So, are young people to blame?

Nick Triggle

Health Correspondent

A graph showing the age groups of those who have confirmed coronavirus

The recent rise in coronavirus cases in the UK has been laid firmly at the door of young people.

Around half of new cases in recent weeks have been diagnosed in people in their 20s and 30s.

Significant numbers of cases have also been identified in people in their 40s and 50s, as well as teenagers.

That compares to the early days when most of the confirmed cases were in the older age groups.

But that was because the UK was largely only testing in hospitals. Younger adults are very unlikely to be sick enough to need hospital treatment, so they hardly showed up in the official figures.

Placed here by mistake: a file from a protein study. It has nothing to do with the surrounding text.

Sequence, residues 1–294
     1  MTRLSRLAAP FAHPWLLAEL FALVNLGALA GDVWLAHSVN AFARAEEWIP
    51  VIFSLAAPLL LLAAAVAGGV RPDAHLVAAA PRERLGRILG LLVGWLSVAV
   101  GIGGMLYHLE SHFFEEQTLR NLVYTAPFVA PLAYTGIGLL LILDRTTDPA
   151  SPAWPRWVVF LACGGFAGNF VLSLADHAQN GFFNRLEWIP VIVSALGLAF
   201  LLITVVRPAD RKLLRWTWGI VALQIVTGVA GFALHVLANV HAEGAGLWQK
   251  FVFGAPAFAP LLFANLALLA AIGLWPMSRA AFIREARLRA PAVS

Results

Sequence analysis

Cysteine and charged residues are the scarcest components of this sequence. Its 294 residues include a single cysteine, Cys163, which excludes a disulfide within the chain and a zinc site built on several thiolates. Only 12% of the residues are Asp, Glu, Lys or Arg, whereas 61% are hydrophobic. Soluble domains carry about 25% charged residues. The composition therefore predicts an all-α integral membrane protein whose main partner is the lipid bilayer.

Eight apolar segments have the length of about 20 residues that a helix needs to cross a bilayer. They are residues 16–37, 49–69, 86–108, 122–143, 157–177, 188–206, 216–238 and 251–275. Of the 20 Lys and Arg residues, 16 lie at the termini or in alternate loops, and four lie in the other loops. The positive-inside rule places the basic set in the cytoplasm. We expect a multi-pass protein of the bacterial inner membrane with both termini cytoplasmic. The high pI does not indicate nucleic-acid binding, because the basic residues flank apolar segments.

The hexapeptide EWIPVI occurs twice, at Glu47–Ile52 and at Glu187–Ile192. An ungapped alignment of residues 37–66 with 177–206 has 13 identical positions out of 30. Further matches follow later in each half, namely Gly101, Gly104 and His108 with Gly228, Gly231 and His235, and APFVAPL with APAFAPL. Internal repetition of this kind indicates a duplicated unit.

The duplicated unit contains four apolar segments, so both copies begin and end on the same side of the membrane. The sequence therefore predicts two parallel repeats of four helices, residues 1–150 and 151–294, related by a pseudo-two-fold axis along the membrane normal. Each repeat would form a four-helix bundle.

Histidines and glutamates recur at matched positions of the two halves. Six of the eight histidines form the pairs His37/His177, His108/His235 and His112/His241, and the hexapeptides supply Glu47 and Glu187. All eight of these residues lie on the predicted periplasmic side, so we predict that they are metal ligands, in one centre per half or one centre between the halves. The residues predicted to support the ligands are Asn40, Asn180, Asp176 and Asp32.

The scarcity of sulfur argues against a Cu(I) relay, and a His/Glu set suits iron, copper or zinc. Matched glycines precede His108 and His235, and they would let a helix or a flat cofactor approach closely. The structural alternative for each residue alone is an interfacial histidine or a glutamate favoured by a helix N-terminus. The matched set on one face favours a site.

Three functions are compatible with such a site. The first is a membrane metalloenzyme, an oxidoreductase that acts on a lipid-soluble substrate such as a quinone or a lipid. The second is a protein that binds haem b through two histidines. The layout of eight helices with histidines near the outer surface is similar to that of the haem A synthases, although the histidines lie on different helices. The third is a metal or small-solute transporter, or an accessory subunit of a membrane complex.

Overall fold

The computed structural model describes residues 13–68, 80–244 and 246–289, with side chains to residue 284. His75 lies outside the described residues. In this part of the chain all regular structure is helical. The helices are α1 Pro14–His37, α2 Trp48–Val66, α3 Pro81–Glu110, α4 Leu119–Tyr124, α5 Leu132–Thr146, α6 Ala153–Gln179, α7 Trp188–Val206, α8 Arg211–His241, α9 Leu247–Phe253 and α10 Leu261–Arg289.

If you look at results from antibody testing, to see if they had been exposed to the virus, the younger age groups were just as likely as older groups – if not more – to have been exposed.

So what is happening now appears to be simply a case of the virus re-establishing itself in a group that is the least at risk of serious complications, hence there are no signs of a significant increase in hospitalisations.


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